Tyson Chandler started playing basketball at the age of three when his grandfather Cleotis Threadgill hung a basket on a tree on their farm in Hanford. It was on that farm that not only Chandler’s passion for basketball came alive, but also where the work ethic, that has led him to a successful NBA career, was first instilled in him.
“My grandfather nailed up, literally, a peach basket to a tree back in the day just to give me and my cousins something to do out there,” Chandler said. “That was kind of my introduction to basketball.”
Chandler, who has played for seven different teams in his 18-year-NBA career, credits his grandfather for teaching him the value of hard work and an honest effort while helping raise him.
”He showed me work ethic. I saw my grandfather, he came from the Arkansas-Texas border, drove his family down for opportunity. He and his sons actually built the house that my grandmother is still in today,” Chandler said. “I saw him every day wake up in the morning, tend to his garden and animals and then go out and work and come back and make sure everything was together. He has been my idol who I looked up to since I could have one. The way I go about my day-to-day life, being a man and the way I tend to my children. It is all patterned after him”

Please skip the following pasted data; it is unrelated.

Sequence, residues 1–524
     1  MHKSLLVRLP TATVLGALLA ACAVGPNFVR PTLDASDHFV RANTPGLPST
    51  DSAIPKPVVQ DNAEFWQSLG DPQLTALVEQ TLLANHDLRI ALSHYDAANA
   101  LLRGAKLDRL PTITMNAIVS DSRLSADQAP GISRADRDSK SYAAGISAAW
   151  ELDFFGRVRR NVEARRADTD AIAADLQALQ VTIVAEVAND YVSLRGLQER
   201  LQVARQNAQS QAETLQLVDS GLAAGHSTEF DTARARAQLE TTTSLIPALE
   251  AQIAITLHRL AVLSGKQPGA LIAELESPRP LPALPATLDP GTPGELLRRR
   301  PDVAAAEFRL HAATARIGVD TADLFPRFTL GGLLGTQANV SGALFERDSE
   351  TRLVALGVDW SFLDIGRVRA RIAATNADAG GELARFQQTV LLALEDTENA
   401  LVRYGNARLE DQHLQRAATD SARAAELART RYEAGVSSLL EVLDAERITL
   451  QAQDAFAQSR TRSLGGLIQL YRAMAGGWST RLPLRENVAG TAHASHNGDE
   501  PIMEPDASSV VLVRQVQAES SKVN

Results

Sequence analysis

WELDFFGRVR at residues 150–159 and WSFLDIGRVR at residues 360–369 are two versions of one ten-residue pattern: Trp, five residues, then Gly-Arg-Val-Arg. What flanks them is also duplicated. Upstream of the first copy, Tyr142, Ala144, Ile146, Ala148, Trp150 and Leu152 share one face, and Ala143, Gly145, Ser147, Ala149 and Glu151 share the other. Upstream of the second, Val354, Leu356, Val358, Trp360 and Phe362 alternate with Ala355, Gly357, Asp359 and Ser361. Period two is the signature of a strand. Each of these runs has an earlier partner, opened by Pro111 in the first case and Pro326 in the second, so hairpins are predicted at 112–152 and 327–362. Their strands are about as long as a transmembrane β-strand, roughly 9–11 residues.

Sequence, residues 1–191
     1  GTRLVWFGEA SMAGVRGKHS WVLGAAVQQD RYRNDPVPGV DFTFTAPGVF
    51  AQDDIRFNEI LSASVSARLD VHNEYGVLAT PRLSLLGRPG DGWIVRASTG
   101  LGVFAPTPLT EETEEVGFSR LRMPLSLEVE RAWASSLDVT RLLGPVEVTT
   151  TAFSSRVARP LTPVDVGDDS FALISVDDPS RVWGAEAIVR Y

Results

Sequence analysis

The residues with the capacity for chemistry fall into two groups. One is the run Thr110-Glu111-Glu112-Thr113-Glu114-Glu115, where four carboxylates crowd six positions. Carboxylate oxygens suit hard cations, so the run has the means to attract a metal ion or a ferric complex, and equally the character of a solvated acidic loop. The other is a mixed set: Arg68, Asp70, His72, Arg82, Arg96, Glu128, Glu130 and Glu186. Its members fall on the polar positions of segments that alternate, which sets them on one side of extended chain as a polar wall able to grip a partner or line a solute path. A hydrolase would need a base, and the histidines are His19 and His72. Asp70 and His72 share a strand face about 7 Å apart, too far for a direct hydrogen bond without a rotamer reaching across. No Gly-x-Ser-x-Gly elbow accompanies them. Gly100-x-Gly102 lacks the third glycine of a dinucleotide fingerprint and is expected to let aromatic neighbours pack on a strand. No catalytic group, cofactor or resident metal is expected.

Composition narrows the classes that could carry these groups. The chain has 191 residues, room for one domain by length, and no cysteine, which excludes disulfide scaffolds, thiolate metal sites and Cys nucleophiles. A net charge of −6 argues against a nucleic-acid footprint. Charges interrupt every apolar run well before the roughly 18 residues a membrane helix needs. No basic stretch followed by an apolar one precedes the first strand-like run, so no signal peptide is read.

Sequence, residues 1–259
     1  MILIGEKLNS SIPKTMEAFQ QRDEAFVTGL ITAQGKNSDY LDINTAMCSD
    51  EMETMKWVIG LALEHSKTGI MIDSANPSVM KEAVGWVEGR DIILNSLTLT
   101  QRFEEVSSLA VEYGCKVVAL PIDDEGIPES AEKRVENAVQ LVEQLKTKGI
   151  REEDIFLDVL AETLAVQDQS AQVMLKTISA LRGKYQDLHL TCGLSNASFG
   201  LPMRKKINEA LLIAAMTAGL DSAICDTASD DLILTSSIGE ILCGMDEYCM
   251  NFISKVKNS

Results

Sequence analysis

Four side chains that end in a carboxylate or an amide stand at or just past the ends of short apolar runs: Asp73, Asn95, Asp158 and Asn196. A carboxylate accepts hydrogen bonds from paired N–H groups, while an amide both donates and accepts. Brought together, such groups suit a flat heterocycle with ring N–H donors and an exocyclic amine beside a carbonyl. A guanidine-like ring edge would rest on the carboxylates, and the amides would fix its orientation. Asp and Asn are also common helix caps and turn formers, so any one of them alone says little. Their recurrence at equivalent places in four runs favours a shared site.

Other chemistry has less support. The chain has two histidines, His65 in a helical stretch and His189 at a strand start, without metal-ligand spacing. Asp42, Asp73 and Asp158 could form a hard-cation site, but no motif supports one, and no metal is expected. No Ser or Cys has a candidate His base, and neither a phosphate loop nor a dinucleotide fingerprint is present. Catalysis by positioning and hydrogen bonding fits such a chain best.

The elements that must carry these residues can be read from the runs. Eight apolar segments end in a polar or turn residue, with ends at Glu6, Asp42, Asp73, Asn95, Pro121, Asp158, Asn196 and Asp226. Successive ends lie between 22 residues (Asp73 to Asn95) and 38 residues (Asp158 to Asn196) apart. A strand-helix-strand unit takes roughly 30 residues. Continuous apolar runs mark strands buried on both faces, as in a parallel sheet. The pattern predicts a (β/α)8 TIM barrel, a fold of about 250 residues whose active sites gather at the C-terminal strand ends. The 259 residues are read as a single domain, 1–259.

Chandler was raised by his mother, Vernie Threadgill, on the farm until he was nine, when they moved to San Bernardino. The family eventually moved to Compton where Chandler enrolled at he enrolled at Dominguez High School, a school known for its athletics, and became a star.
While he has called Southern California home since then, he still has fond memories of his time in Hanford.
“I got great memories; my family is still out there. I remember spending a ton of time with my grandparents and family. The memories are just incredible,’ Chandler said. “I remember the freedom of riding bikes everywhere, chasing my older cousins. It's just all the family memories I think back too.”
Chandler has done a lot since his time in Hanford. He was won an NBA Championship in 2011 as a member of the Dallas Mavericks, he won an Olympic Gold Medal as the starting center for Team USA in the London Olympics in 2012 and has also been an All-Star selection.
While Chandler has been to big cities and has traveled the globe as part of the United States Olympic Team, he said he always embraces his time as a farm boy from Hanford.
“That is my foundation. On that farm is where everything started for me. You have responsibilities that you can’t let down because then you are letting down your family from eating, providing and just everything,” Chandler said. “You have to work to provide for them and I took still have that same work ethic. It is who I am to the core. It’s the same thing on the court. You gotta pay attention to the details, and you got go about it the same way every day.”